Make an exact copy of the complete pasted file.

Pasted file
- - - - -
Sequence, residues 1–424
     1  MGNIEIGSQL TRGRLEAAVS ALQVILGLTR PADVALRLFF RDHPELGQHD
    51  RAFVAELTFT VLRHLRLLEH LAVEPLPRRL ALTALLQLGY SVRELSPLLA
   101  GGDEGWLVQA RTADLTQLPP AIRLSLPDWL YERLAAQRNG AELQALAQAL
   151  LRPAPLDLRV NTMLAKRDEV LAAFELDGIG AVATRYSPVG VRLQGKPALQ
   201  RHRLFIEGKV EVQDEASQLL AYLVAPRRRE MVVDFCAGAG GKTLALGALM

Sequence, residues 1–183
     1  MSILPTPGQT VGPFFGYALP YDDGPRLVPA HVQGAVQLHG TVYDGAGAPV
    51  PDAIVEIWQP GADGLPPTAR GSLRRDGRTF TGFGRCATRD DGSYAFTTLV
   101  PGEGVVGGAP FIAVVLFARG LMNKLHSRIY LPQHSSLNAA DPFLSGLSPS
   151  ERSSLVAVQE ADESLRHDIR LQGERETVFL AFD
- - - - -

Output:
Sequence, residues 1–424
     1  MGNIEIGSQL TRGRLEAAVS ALQVILGLTR PADVALRLFF RDHPELGQHD
    51  RAFVAELTFT VLRHLRLLEH LAVEPLPRRL ALTALLQLGY SVRELSPLLA
   101  GGDEGWLVQA RTADLTQLPP AIRLSLPDWL YERLAAQRNG AELQALAQAL
   151  LRPAPLDLRV NTMLAKRDEV LAAFELDGIG AVATRYSPVG VRLQGKPALQ
   201  RHRLFIEGKV EVQDEASQLL AYLVAPRRRE MVVDFCAGAG GKTLALGALM

Sequence, residues 1–183
     1  MSILPTPGQT VGPFFGYALP YDDGPRLVPA HVQGAVQLHG TVYDGAGAPV
    51  PDAIVEIWQP GADGLPPTAR GSLRRDGRTF TGFGRCATRD DGSYAFTTLV
   101  PGEGVVGGAP FIAVVLFARG LMNKLHSRIY LPQHSSLNAA DPFLSGLSPS
   151  ERSSLVAVQE ADESLRHDIR LQGERETVFL AFD